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Fair Work Commission finds out-of-hours drink driving offence was not a valid reason for dismissal

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Off the clock

Generally, the way in which an employee conducts themselves out-of-hours does not fall within the realm of what the employer can supervise or control. However, there are times where an employee’s conduct after business hours and away from work can impact the employment relationship.

Generally, the way in which an employee conducts themselves out-of-hours does not fall within the realm of what the employer can supervise or control. However, there are times where an employee’s conduct after business hours and away from work can impact the employment relationship.

The Fair Work Commission (FWC) recently made an important out-of-hours conduct ruling in the case Bobrenitsky v Sydney Trains [2021] FWC 3792 where it ordered the reinstatement of an employee after he was dismissed for drink driving outside of work hours. The FWC found that the employee’s out-of-hours conduct did not have sufficient connection to his employment.

The employee was a Train Driver for Sydney Trains (the Employer).

In August 2020, the employee was not working and was arrested and charged for high range drink driving (the Offence). At the time of arrest, the employee returned a positive breath test four times over the legal limit and as a result, his driver’s licence was suspended.

While waiting for his Court date, the employee notified the Employer that he had been charged with an offence. The Employer subsequently suspended the employee from duty with pay and an internal investigation was conducted. It was alleged that the employee had breached his staff responsibilities and obligations under its Code of Conduct.  

While taking full responsibility, the employee responded by offering an explanation as to why he had committed the Offence. He stated that 2020 had been a traumatic year for him with the deaths of two friends and a family member.

He explained that those challenges, along with the unfolding COVID-19 pandemic, led to him suffering bouts of depression and anxiety. He also provided a list of rehabilitative steps that he had taken since the Offence such as attending Alcoholic Anonymous meetings and seeking professional help.

In October 2020, the Employer concluded its investigation and found that the allegations were substantiated.

After the employee was sentenced in the Local Court to a two-year community corrections order and a suspended licence, the Employer commenced a disciplinary process with the employee and ultimately decided to terminate his employment.

The employee subsequently lodged an unfair dismissal application claiming that his dismissal was unfair, unjust and unreasonable.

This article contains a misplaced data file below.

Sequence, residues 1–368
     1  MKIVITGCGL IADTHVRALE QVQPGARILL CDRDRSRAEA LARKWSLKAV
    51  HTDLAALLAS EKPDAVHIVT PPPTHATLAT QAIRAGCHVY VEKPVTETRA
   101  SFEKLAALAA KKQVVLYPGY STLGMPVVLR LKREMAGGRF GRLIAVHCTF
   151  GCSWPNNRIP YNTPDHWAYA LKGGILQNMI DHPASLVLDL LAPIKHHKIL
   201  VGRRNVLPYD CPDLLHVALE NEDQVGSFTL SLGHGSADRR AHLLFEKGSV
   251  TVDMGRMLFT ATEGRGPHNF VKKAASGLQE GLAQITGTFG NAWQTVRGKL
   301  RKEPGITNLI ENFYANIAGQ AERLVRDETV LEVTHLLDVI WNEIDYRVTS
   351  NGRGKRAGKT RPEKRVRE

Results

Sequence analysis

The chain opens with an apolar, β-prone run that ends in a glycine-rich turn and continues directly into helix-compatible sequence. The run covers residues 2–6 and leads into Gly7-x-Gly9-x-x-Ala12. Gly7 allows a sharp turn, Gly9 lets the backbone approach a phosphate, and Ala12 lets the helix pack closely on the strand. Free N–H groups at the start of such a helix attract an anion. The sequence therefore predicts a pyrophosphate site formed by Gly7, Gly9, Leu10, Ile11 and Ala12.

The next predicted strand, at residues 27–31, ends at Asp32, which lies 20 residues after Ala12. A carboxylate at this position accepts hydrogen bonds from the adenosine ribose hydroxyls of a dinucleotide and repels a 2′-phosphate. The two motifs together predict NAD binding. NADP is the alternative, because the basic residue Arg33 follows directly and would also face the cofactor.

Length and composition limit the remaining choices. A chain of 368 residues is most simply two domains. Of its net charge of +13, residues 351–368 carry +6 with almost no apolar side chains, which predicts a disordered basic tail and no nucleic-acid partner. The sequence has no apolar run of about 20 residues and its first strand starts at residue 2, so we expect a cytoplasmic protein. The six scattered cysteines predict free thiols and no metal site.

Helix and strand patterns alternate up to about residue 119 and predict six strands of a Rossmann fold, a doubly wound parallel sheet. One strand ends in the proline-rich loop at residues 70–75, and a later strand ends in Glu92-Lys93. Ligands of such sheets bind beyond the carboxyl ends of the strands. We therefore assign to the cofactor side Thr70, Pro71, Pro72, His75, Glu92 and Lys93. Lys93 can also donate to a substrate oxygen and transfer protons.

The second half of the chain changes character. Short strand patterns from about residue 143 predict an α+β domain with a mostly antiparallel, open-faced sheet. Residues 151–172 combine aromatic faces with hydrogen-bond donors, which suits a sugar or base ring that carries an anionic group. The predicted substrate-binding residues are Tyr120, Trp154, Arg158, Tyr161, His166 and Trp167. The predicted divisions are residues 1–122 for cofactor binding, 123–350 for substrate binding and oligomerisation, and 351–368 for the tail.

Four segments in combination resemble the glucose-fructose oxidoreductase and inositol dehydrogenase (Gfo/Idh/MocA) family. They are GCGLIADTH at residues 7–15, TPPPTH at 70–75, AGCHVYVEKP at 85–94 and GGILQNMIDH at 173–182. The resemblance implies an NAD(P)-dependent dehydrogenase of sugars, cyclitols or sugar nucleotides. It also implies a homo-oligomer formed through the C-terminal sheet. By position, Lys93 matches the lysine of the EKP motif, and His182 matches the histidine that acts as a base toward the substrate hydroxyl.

The Employer submitted that the Offence had a direct connection with the employee’s role as a Train Driver because he was required to drive a vehicle and therefore, the employee’s conduct was incompatible with his duties to act safely and to exercise significant judgement.

However, the FWC did not accept this submission, finding that the employee’s Offence “lacked the requisite connection” to his employment as a Train Driver and therefore did not constitute a valid reason for dismissal. The FWC stated that the employee did not need a valid driver’s licence to drive a train, which by its very nature was not a vehicle.

The FWC also rejected the Employer’s submission that the conduct would have likely caused serious damage to its reputation. The FWC stated that the employee otherwise held a flawless employment record and his conduct viewed objectively was unlikely to cause any damage to the employment relationship.

Therefore, the FWC held that the Employer did not have a valid reason to terminate the employee solely on the basis of the Offence which was committed outside of work hours.

Turning then to whether the employee’s breach of company policy constituted a valid reason for dismissal, the FWC stated that the Code of Conduct did not clearly or coherently outline or regulate out-of-hours drink driving.

The FWC held that the connection between the Offence and the workplace only arose from the requirement that the employee was to notify the Employer that he had been charged and convicted – a requirement of which the employee had already complied with.

Accordingly, the FWC was not satisfied that the Offence, and subsequent conviction and penalty, breached the Code of Conduct.

The FWC also found that the employee had been treated unfairly because the Employer disregarded the significant rehabilitative steps that the employee had undertaken since the Offence.

In having regard to the above, the FWC held that the employee’s dismissal was harsh, unjust and unreasonable.

In determining the appropriate remedy, the FWC ordered that the employee be reinstated to his position with payment for loss of remuneration.

The FWC reached this after taking into account the unlikeliness that the incident would occur again given the employee’s rehabilitative steps. Additionally, the FWC stated that it would be inappropriate to further punish the employee for an offence which had already been dealt with in the appropriate jurisdiction.  

Lessons for employees

Employers should carefully draft its Code of Conduct or other policies to outline that disciplinary action may be taken where the employee’s out-of-hours conduct has a connection with or impact on their employment.

Information provided in this blog is not legal advice and should not be relied upon as such. Workplace Law does not accept liability for any loss or damage arising from reliance on the content of this blog, or from links on this website to any external website. Where applicable, liability is limited by a scheme approved under Professional Standards Legislation.

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